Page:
Congratulations on your new pair of customized scleral contact lenses! As with most new things, there can be a learning curve when getting your scleral contacts to feel and fit just right. Whether you’ve been prescribed scleral for keratoconus, dry eye syndrome, corneal abnormalities, or other conditions, it can take up to two weeks for you to feel completely comfortable in your new contacts...

7 Questions And Answers About Astigmatism

If you wear glasses or contact lenses, you probably have some degree of astigmatism. But how much do you really know about this all-too-common refractive error? Below, we answer some of the most frequently asked questions about astigmatism and explain why scleral contact lenses are often prescribed to astigmatic patients...

Are Your Eyes Sensitive To Light? Consider Scleral Lenses!

For some people, standard soft contact lenses are a great way to conveniently correct vision. For those with very dry eyes or corneal conditions like keratoconus, standard contacts simply aren’t an option. Scleral contact lenses, however, are a great alternative for these patients with hard-to-fit eyes. They provide several benefits, such as reducing sensitivity to light (photophobia)...

6 Reasons Scleral Lenses Can Manage Your Dry Eye Syndrome

If your eyes are chronically itchy, dry, red, or irritated, there’s a good chance you have dry eye syndrome. Eye drops and artificial tears may provide temporary relief, but they often don’t help individuals with chronic or severe dry eye syndrome. That’s why so many people seek out other treatment options...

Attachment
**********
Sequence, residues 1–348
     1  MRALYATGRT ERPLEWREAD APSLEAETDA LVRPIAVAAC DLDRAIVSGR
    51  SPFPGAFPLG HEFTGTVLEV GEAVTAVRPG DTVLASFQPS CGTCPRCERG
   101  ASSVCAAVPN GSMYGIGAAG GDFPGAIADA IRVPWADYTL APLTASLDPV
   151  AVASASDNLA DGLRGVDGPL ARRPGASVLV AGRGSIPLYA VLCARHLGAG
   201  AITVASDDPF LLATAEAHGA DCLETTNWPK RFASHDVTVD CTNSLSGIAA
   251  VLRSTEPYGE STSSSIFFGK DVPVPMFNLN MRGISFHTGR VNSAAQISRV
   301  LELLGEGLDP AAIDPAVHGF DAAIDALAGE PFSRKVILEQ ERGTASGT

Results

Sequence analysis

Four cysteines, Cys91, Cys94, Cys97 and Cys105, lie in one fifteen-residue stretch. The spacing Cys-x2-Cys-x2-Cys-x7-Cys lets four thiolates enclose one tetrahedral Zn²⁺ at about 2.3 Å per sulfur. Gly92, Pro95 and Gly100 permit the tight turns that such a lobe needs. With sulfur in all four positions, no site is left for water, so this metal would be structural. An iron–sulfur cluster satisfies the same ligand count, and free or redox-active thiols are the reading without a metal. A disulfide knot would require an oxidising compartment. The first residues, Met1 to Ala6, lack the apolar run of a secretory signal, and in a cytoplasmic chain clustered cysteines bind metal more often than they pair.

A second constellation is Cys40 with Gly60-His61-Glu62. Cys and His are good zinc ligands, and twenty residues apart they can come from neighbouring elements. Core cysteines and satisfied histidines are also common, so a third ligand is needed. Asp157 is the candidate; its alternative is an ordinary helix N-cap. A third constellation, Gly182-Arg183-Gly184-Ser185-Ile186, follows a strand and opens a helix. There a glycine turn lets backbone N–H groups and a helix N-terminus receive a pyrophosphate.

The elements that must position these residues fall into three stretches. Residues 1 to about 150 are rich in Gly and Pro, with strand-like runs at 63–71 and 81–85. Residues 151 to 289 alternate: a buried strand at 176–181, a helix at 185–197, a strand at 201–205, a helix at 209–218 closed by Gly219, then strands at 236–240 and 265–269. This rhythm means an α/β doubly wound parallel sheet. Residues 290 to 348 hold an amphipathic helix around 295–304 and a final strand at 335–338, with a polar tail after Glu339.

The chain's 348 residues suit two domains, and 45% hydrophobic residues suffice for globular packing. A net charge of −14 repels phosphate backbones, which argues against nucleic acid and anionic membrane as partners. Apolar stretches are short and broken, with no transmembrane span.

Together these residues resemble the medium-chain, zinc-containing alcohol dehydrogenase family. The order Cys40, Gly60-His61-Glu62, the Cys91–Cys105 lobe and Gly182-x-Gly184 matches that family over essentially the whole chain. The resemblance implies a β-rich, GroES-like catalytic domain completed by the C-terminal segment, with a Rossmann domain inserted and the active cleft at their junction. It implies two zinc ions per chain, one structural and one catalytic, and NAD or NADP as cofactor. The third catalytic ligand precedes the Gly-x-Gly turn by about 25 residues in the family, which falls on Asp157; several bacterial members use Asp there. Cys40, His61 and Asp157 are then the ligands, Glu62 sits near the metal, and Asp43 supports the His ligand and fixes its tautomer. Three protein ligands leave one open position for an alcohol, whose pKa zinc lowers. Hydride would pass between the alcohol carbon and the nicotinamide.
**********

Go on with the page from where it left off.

Tips For Wearing Scleral Lenses

Scleral lenses are ideal for patients with corneal irregularities, dry eyes, and hard-to-fit eyes. Their uniquely large circumference offers the best in visual comfort and clarity...

3 Benefits of Wearing Scleral Lenses

Scleral contact lenses are gas permeable lenses that rest on the “white” part of the eye (the sclera), forming a dome over the cornea. This dome creates a new optical surface over the irregular or damaged cornea, providing clearer and more comfortable vision.

Regular Contact Lenses Not Working for You? Consider Scleral Lenses

If you have dry eye syndrome, a corneal transplant, keratoconus, or simply find conventional contacts uncomfortable to wear, you may want to try scleral contact lenses. Scleral lenses are larger than standard lenses and vault over the entire surface of the cornea...

Do You Struggle With Contact Lens Comfort? Scleral Lenses May Be the Answer!

Most people are familiar with traditional soft lenses, which provide clear vision for those who are nearsighted or farsighted. In certain cases, particularly for those with corneal irregularities or astigmatism, standard gas permeable (GP) lenses may be recommended. However, people with several eye conditions can’t tolerate standard GPs and find scleral lenses a much better, more comfortable alternative...

Everything You Need To Know About Keratoconus

If you've been diagnosed with keratoconus, our Simpsonville eye doctors understand your challenge and are here to help you see clearly and comfortably.

Can You Wear Contacts With Corneal Dystrophy?

Imagine draping a tablecloth over a table with piles of clutter, and then sitting down at the table for a meal. You can imagine what an uncomfortable eating experience that would be.